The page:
• If you need to speak to Dr. Dre’s medical assistant, press 127594.
  • If you need to speak to Doc Ice’s nurse, press 460367.
  • If you need to speak to Dr. John’s PA, press, 9904523.

Actually, my sample names are too short. Many doctors have really long names. To continue:

6. “If you are calling for a referral, press five.”

7. “If you are calling for a medical records release, please fax your request to 212-555-4593.”

8. “If you are calling to speak to our billing office, please hang up and dial 1-888-555-4529 and dial extension 460285.”

9. “To repeat these options, press six.”

Is this really necessary? How about offering a short menu like “Patients and their representatives press one. All other calls press two” and go from there.

Phone Trees Don’t Have to Be a Burden

I get it. Companies like automation and there probably is no going back.

Going forward, more seniors will be perfectly fine using the web to schedule doctor appointments, check their financial statements, and order take-out.

But right now, many phone trees expect too much from callers. If hiring someone to answer the phone isn’t an option, businesses that rely on this technology can make a few changes that make them easier to live with:

  • Drop the long-winded menus
  • Use the same voice throughout the menu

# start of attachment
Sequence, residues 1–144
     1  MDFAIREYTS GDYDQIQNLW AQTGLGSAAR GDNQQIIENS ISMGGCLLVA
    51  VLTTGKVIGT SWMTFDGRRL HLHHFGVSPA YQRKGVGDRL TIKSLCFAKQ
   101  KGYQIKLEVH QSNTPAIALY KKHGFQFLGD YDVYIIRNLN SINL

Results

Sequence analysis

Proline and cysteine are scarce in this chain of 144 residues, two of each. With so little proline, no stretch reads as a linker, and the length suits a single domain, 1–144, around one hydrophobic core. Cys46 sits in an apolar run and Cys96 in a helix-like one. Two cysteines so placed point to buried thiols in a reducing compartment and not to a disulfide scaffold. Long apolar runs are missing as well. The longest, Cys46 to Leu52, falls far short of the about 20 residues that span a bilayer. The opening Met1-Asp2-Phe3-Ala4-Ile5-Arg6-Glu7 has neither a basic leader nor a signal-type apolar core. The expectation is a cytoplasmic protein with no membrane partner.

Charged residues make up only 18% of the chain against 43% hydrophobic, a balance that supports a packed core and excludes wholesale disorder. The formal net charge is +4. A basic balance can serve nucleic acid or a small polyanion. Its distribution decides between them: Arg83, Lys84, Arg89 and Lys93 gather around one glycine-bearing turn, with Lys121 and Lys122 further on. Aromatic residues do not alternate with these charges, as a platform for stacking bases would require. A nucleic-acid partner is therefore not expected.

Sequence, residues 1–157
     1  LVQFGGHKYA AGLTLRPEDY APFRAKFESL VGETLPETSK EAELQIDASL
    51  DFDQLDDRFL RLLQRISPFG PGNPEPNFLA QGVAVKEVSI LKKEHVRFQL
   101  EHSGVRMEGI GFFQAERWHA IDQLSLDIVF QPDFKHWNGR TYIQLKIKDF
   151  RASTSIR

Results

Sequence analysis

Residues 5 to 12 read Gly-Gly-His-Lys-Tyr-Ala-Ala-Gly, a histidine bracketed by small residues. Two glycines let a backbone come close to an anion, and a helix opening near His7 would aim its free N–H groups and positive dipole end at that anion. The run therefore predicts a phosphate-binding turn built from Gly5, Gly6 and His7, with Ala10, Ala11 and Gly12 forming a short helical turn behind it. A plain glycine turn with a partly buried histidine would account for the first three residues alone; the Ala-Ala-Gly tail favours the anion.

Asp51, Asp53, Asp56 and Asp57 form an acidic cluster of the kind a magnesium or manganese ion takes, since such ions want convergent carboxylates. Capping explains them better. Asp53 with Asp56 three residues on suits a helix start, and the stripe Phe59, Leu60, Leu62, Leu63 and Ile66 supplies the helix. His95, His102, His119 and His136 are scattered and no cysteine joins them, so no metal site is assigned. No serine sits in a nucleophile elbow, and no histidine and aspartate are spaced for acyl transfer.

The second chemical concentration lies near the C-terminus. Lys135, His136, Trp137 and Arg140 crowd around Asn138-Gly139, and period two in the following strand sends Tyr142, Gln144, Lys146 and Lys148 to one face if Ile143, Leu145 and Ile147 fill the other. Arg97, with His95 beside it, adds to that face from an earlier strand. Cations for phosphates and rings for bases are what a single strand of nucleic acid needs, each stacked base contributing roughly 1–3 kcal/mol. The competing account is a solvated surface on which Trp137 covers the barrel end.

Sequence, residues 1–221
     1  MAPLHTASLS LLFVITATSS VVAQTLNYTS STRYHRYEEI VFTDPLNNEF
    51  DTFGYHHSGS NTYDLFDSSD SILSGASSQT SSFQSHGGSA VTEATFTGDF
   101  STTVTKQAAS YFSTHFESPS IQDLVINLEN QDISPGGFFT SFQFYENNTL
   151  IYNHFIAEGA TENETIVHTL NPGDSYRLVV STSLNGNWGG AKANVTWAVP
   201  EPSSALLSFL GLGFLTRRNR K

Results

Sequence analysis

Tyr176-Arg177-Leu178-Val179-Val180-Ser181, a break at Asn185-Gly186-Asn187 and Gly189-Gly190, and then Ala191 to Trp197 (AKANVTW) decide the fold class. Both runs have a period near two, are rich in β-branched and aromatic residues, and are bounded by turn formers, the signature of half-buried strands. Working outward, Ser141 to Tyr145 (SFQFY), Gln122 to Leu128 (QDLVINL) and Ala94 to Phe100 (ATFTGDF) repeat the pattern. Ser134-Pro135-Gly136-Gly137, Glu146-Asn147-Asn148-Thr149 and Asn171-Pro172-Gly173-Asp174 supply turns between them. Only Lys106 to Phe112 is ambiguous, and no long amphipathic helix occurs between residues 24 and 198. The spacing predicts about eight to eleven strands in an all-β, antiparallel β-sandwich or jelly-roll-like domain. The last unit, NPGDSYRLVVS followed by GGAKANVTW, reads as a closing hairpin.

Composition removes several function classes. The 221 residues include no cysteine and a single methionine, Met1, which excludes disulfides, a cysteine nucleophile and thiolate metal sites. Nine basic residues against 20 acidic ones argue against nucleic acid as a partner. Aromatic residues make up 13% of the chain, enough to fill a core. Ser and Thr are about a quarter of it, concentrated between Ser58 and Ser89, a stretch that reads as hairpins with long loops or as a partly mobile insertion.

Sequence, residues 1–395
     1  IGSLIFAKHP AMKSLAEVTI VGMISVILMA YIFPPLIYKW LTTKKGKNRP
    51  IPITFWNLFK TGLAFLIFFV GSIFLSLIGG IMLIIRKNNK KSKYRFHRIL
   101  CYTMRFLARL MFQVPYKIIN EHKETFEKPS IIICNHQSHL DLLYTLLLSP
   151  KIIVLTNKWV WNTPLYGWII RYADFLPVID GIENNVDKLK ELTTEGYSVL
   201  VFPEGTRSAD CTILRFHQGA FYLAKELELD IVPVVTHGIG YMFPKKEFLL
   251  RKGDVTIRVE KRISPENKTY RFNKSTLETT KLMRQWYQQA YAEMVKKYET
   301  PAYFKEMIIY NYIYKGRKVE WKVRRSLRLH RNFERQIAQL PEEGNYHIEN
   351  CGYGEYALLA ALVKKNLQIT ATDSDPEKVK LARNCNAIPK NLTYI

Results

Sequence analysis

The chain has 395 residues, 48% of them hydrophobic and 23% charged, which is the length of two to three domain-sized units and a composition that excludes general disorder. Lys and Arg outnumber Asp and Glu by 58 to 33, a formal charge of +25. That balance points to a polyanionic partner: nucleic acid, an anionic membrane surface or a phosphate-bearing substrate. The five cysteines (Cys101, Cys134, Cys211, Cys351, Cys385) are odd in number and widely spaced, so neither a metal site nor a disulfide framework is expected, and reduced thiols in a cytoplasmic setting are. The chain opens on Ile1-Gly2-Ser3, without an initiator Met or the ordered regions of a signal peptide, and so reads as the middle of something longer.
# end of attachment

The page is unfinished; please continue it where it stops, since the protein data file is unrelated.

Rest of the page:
• Slow down the tempo!
    • Keep an even volume
  • Don’t bother with messages to entertain or inform people on hold.
    • They can confuse callers who think they’ve been connected to a sales office.
    • When a live person does pick up, the person waiting may not realize he’s no longer on hold! This sometimes results in the call being disconnected.

It’s OK to offer an online option to take care of customer service issues, but a customer should never feel like waiting for a live agent is some kind of punishment. Use a creative solution like an automated callback or a voicemail message that will be returned within one business day.

Remember, seniors talk to each other about how they’re treated not only by their children, but by doctors, financial advisers (who usually have excellent phone skills), and the customer service they get from services like credit cards, banks, and cable companies or DISH.